So that’s where Salwa Judum (‘peach march’ in Gondi language) had its roots. With the support of the Home Ministry, it was announced as a people’s movement in Dantewada to crush Naxal violence, but the fact that it was launched the day after the MoU with Tata Steel was signed explains the real reason for launching this vigilante militia. As per the Police Act, young tribal boys were appointed as Special Police Officers (SPOs) to be the face of Salwa Judum. They were handed guns and given military training to combat Naxals. Some of the SPOs were ex-Naxalites who joined Salwa Judum for the lure of a steady salary and the prospect of becoming a full-fledged policeman. Others were forced to take up the gun. With an honorarium of Rs 2,500 per month, the young boys had no choice.
By handing guns to the young boys, the government has become the facilitator of a civil war. The SPOs have to fight off their own brothers, and the gun has given them the liberty to assert their power on their brethren. In the five years of its existence, Salwa Judum managed to displaced three lakh people from 644 villages in Dantewada district alone. The tribals fled into the jungles; some fled into neighbouring Andhra Pradesh too. Those who stayed behind were made to march into the Salwa Judum camps where they have no means of livelihood.
Cases of rape, loot, arson and murder have become an everyday phenomenon. Villagers are silenced – they are threatened against filing any complaints of atrocities. They cannot afford to go back to the their homes in the jungles, which have been burnt down by Naxalites as well as SPOs. In this dirty war, the tribal is crushed in between. About 100 SPOs guard villages which have a population of a about 500 people. Haven’t we seen this in Kashmir and the North East too?
In a meeting with Home Minister P. Chidambaram in early 2009, Chhattisgarh chief minister Raman Singh claimed to have liberated nearly 30 per cent of the total 75,000 sq. km. area under Naxal domination. Chidambaram had praised the role of SPOs in fighting Naxalism and called for their appointment "wherever required". Of course, it is important to note here that Chidambaram was a director on board of Vedanta – the company that aims to rob the 40-km long Niyamgiri hills in Orissa to mine for bauxite.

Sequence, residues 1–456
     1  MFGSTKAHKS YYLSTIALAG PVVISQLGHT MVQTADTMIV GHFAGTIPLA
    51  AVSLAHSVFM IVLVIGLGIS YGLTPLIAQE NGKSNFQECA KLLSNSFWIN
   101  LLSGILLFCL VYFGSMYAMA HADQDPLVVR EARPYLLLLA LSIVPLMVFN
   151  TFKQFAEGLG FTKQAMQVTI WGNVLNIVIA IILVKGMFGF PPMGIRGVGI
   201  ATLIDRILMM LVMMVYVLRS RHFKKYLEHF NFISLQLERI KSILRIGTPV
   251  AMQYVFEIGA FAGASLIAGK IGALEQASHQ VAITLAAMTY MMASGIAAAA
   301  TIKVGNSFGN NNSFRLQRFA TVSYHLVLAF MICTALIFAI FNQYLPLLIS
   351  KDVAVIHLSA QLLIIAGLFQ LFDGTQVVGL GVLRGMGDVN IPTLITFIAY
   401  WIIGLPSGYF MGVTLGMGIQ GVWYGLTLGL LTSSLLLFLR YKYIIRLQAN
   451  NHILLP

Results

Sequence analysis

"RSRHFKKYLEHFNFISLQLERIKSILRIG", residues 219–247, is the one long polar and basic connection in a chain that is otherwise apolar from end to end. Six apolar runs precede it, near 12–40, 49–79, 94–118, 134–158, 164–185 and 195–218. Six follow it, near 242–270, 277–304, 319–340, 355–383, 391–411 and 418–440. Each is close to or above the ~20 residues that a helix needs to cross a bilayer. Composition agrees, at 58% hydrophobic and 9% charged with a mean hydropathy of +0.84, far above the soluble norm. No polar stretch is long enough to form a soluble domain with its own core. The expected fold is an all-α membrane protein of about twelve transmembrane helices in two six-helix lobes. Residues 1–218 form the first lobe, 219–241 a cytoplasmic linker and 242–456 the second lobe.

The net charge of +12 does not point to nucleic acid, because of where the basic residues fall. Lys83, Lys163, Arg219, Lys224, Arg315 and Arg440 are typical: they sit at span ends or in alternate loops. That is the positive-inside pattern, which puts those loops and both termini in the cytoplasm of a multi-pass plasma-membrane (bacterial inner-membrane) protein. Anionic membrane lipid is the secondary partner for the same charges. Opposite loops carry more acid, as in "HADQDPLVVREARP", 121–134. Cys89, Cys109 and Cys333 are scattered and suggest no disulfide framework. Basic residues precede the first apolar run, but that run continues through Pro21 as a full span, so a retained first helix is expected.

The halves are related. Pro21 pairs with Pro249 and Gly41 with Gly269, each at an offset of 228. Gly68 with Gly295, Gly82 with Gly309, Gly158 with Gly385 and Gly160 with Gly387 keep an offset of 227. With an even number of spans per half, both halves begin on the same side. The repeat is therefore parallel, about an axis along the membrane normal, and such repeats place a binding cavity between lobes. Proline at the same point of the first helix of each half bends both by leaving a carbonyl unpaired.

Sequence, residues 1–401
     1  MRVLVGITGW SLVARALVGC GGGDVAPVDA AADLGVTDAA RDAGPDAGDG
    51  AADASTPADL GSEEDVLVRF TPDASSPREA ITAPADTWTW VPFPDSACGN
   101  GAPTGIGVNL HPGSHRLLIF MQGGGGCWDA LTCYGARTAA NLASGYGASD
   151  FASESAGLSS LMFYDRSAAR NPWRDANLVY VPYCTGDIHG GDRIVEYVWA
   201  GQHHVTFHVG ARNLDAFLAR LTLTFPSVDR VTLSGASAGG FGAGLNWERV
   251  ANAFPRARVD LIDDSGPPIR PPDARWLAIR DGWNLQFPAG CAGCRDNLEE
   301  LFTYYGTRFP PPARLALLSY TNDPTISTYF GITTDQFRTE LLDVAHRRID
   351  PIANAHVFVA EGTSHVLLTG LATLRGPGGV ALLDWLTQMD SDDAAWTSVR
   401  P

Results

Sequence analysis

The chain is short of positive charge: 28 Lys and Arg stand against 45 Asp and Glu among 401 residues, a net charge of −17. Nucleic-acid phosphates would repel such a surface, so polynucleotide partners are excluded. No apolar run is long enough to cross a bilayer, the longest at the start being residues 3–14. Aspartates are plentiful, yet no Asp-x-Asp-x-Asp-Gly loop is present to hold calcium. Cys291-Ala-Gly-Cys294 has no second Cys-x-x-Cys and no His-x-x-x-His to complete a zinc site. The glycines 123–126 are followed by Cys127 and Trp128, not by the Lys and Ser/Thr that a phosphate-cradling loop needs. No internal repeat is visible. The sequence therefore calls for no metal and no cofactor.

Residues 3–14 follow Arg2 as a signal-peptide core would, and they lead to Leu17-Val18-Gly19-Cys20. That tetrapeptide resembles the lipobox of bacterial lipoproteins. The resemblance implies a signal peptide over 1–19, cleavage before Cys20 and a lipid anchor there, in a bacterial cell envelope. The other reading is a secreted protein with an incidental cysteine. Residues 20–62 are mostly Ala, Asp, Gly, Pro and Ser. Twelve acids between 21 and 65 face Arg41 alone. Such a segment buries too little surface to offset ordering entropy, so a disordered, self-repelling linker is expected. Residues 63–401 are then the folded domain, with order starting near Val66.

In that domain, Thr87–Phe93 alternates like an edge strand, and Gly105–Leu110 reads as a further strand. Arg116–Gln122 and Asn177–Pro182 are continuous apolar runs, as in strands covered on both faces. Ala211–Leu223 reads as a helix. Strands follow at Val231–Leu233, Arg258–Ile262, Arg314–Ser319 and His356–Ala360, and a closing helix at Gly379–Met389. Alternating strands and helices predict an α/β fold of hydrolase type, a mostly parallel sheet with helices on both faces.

Where does this leave the tribal? With no land to himself and his family torn apart, he can either wait for his leaves-and-bamboo house to be burnt once more, or he can choose to fight back. No wonder then that since Salwa Judum was launched, the strength of Naxals has increased by 22 times.
But this wasn’t something that the government had expected. Salwa Judum had failed, the government has initiated ‘Operation Green Hunt’ — a centrally coordinated paramilitary operation to flush out Naxals, with the participation of state police, Army and even the Air Force, in the Naxal-affected states of Chhattisgarh, Jharkhand, Orissa, West Bengal, Maharashtra, Bihar and Andhra Pradesh. When repeatedly asked about the tremendous loss of innocent tribal life, many ministers have referred to it as an inevitable ‘collateral damage’. But Naxalism is a mere alibi for the justification of Operation Green Hunt – the enticement of investments by mining companies has turned this activity into Operation ‘Greed’ Hunt.
And the media chooses to be blind, dumb and deaf. Under the notion of development, the tribal is made a scapegoat, and the country is today in the midst of a genocide.
How can a government eliminate its people whom it is meant to protect? How far can the government continue to be pimps for profit-hungry companies? How sterile can IPS and IAS officers continue to be in this ‘system’ where they have to operate? How apathetic can the average middle-class continue to be? How far can the value of a life be determined? Can you put a monetary value to your own life and survival?
There are no easy answers. Only these obvious questions.